Creedmoor Faces Uphill Battle Over Annexation Proposal
Posted January 20, 2006
CREEDMOOR, N.C. — A strip of businesses on Highway 56 at I-85 in Granville County is thriving. It's also a battle zone in what is turning into a bitter fight over annexation. The town of Creedmoor wants the acreage in the city limits.
"We're trying to improve Creedmoor and how we relate to a region," said Creedmoor Mayor Darryl Moss.
But business owners want Creedmoor to stay out.
"Basically, all Creedmoor has to offer us is a tax bill," said annexation opponent Randy Perry.
The landscape is peppered with signs, and T-shirts carry the same message -- stop annexation.
"Our numbers are growing daily as to who is opposing it," said Perry.
The property that Creedmoor wants to annex is technically in another town's fire district. Butner, which is on the other side of Interstate 85, has expressed an interest in the same tax-rich district for the town's future growth.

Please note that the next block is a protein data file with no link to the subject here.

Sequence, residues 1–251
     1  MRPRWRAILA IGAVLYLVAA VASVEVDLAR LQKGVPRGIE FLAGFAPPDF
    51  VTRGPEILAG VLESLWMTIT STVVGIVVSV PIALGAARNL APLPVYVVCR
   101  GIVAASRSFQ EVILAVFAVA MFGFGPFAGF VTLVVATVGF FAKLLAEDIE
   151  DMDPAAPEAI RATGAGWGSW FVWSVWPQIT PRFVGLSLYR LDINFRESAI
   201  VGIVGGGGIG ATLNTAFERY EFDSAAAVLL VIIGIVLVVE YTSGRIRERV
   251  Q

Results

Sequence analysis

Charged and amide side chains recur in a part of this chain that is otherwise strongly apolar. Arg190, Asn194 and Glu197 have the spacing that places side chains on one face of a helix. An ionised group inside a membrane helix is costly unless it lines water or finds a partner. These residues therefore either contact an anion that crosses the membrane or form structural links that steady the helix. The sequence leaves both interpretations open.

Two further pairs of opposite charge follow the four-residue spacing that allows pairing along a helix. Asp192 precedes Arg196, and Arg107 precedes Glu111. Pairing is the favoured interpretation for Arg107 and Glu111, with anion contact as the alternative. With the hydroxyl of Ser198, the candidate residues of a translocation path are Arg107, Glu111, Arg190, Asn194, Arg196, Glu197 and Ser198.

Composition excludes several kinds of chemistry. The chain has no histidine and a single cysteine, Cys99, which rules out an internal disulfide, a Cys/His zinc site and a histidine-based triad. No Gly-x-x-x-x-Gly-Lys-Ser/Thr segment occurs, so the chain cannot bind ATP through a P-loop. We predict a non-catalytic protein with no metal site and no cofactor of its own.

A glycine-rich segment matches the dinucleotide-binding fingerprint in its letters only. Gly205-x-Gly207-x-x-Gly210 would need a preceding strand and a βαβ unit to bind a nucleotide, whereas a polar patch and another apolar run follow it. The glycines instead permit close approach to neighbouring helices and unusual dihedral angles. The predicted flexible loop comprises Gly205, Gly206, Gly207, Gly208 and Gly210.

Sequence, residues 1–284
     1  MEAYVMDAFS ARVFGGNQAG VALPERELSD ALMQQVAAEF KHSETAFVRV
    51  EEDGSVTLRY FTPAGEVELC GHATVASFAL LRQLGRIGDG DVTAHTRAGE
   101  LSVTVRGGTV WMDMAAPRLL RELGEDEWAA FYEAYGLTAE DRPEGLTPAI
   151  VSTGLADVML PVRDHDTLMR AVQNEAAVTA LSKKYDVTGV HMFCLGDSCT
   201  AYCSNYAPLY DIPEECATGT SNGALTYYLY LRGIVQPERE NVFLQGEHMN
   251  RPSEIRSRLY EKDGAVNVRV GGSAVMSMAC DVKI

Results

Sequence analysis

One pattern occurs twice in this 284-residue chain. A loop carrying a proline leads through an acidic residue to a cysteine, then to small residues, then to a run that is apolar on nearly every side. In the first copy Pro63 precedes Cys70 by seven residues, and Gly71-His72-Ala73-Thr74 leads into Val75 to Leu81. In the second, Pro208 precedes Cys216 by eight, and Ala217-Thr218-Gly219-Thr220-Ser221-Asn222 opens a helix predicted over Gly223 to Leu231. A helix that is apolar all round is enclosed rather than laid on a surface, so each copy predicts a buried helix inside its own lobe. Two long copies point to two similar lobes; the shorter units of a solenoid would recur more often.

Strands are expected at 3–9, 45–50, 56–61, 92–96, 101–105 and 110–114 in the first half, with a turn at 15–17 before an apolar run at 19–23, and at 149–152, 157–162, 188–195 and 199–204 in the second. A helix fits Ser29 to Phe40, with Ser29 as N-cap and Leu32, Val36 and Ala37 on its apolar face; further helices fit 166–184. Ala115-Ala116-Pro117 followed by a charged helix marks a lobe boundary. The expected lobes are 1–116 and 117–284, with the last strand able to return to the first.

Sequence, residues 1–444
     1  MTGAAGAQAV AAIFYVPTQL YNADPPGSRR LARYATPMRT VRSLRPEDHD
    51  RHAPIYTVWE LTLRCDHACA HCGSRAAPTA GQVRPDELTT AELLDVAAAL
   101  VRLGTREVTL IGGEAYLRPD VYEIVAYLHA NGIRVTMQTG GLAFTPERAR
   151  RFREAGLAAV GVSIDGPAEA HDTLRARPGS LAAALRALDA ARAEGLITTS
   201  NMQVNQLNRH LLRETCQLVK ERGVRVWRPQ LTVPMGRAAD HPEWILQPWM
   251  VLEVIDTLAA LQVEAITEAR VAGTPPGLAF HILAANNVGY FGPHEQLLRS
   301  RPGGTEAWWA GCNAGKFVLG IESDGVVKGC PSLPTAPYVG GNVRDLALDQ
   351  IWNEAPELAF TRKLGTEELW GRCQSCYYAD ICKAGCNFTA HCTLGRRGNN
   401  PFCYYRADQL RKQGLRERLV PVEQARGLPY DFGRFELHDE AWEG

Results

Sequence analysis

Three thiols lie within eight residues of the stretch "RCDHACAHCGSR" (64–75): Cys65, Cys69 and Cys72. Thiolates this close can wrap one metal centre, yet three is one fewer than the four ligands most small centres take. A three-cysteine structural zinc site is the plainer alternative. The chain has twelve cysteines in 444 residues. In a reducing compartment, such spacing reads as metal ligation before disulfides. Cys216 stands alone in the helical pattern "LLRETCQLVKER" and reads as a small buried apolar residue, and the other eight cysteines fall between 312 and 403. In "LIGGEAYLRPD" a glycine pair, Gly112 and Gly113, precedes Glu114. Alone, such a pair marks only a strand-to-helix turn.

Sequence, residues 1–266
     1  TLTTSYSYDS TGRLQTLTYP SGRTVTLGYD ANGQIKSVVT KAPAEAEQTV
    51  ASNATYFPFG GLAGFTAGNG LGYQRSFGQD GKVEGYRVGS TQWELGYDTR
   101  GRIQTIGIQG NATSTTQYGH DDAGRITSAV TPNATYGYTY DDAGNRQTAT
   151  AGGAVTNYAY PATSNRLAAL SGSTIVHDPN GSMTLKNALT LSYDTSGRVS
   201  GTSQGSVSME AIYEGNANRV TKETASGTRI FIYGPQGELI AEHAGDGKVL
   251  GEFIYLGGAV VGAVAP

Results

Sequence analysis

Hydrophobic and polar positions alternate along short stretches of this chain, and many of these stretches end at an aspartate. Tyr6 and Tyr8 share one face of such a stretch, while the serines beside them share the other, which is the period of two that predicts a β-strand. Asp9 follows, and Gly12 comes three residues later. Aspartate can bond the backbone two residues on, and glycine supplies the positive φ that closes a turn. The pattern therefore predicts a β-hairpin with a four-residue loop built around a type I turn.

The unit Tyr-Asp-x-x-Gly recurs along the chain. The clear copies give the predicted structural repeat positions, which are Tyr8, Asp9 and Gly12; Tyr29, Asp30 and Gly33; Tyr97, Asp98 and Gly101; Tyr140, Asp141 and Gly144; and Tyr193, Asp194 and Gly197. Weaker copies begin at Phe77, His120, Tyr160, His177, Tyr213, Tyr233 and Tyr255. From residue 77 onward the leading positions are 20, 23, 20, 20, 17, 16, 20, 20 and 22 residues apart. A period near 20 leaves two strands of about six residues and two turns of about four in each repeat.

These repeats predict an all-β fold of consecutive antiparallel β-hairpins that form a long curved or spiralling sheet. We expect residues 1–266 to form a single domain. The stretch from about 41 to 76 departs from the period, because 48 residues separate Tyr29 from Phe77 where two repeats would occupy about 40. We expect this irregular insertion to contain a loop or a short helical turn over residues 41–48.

Some residents say that given the choice, they'd rather be annexed by Butner. But Butner, known for its hospitals and prisons, is run by the state and isn't incorporated. For that reason, the town is unable to annex any area.
Moss believes Creedmoor is the answer anyway.
"We're heavily weighted toward residential, and this will help us in the commercial state," said Moss.
The mayor admitted that annexation is an uphill battle. The annexation is opposed by both the Granville County Commission and the state of North Carolina because of Butner, as well as a determined group of opponents who appear willing to stop the annexation drive -- whatever the cost.
"It's cheaper for us to pay a lawyer and tie it up in court than it is to pay the tax bill," said Perry.
If annexation is successful, Creedmoor will reap an additional $500,000 a year in tax revenues. Business owners say their taxes will double.
Creedmoor will hold a public hearing on the proposed annexation on Jan. 31. The city commissioners are scheduled to vote in late February.